Given the dysfunctional state of affairs in war-torn Afghanistan for the past decades, and the country’s strategic location on the world map, it is unsurprising to witness China’s fast-growing interest in the region. The progressively deteriorating security situation in Afghanistan, and the potential risks that could pose to Beijing’s long-term economic and strategic endeavors, is an unsettling prospect for China. However, the geographical proximity between Afghanistan and Xinjiang Uyghur Autonomous Region in China is arguably the most crucial motivation for greater Chinese involvement in the region.
International media outlets and intelligence agencies worldwide have been circulating reports pointing toward the creation of a Chinese military base in the Wakhan Corridor of Afghanistan’s Badakhshan province for a while now. Although China has not embarked on militarization programs on foreign soil historically, and has profusely denied the rumors about building an Afghan “mountain brigade,” China’s first overseas military base in Djibouti provides an example of China’s newly adopted strategy of leveraging economic influence to further its strategic objectives.
On September 6, 2018, the Afghan ambassador to Beijing stated in an interview with Reuters that China was all set to train Afghan soldiers on Chinese soil, in an effort to counter Islamic State (ISIS) and al-Qaeda militants attempting to infiltrate Xinjiang through the northeastern border of Afghanistan, the mountainous Wakhan Corridor. As per recent reports published by the South China Morning Post, despite straight-faced denials, China is very much in the process of building a military training camp in Wakhan itself, and intends to station at least one battalion of troops at the base, accompanied with requisite weapons and military equipment, on completion of the project.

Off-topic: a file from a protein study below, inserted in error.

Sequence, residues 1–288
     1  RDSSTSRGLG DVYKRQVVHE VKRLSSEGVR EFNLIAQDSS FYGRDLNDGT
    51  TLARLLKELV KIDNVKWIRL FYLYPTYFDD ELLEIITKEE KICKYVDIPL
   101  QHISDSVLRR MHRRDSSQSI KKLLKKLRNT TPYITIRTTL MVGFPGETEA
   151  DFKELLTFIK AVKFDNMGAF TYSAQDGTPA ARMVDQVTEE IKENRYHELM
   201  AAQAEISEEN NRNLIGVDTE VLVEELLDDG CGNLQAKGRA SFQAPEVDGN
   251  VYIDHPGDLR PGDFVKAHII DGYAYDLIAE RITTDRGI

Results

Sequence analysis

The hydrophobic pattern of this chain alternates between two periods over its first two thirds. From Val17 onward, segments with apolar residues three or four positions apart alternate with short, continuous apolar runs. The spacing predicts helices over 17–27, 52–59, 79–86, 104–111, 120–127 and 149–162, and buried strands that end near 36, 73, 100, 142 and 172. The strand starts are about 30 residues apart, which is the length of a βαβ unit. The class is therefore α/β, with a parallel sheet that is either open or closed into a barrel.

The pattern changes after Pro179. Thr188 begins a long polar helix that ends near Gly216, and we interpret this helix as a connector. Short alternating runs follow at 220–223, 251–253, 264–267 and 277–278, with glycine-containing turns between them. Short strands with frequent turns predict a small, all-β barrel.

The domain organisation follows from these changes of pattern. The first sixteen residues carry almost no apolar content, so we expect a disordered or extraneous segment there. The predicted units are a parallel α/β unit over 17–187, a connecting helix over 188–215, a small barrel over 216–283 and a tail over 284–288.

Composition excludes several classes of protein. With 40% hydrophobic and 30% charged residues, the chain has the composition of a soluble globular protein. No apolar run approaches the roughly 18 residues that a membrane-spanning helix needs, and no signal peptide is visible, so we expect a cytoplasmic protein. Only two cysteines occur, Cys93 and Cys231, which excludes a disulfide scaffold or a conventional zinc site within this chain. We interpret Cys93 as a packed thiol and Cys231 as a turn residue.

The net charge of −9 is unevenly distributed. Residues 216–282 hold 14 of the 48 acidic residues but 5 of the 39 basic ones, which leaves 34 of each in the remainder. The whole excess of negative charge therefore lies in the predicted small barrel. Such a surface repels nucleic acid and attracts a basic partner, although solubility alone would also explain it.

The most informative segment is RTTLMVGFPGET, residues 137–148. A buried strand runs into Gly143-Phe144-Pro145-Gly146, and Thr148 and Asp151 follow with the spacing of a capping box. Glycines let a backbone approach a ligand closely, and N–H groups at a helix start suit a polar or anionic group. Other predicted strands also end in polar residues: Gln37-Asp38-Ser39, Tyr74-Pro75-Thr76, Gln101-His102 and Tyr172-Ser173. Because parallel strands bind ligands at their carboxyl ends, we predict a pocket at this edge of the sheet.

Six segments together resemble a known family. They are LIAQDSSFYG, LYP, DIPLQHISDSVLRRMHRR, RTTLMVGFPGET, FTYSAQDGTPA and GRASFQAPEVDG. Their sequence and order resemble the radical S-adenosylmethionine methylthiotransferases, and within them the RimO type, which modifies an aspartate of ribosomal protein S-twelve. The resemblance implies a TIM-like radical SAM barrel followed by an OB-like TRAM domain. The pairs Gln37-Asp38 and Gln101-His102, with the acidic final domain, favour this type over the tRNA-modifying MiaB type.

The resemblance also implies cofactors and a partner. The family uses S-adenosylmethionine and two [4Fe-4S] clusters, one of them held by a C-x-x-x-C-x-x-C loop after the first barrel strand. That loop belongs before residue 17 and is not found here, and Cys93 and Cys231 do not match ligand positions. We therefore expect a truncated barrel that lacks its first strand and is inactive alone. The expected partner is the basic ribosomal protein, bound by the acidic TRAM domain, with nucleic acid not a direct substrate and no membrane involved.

In March 2018, the International Crisis Group also released a report affirming the discreet presence of Chinese soldiers in the Gorno-Badakhshan Autonomous Region (GBAO) of Tajikistan, which borders both the Wakhan Tract in Afghanistan, and Xinjinag in China. Chinese military activity in Afghanistan, therefore, needs to be understood by juxtaposing China’s projected strategic intent — countering Islamist radical forces targeting the Uyghur Muslims of Xinjiang — with the larger objective: expanding the scope of their strategic and economic influence toward Central Asia.
At the recently held meeting between the foreign ministry delegations of China and Pakistan in Islamabad, it was collectively decided to extend the ambitious China-Pakistan Economic Corridor (CPEC) project toward the “west.” While the specifics of the expansion were not made public, China’s Foreign Minister Wang Yi had announced earlier this year that Afghanistan would certainly come under the purview of CPEC, which is part of President Xi Jinping’s flagship Belt & Road Initiative (BRI). Over the last three years, China has provided $70 million worth of military aid to Afghanistan, and $90 million worth of development assistance targeting Badakhshan province in particular. Given the current strategic predispositions and policy predictions, financial and material assistance to Afghanistan is likely to increase in the foreseeable future as well.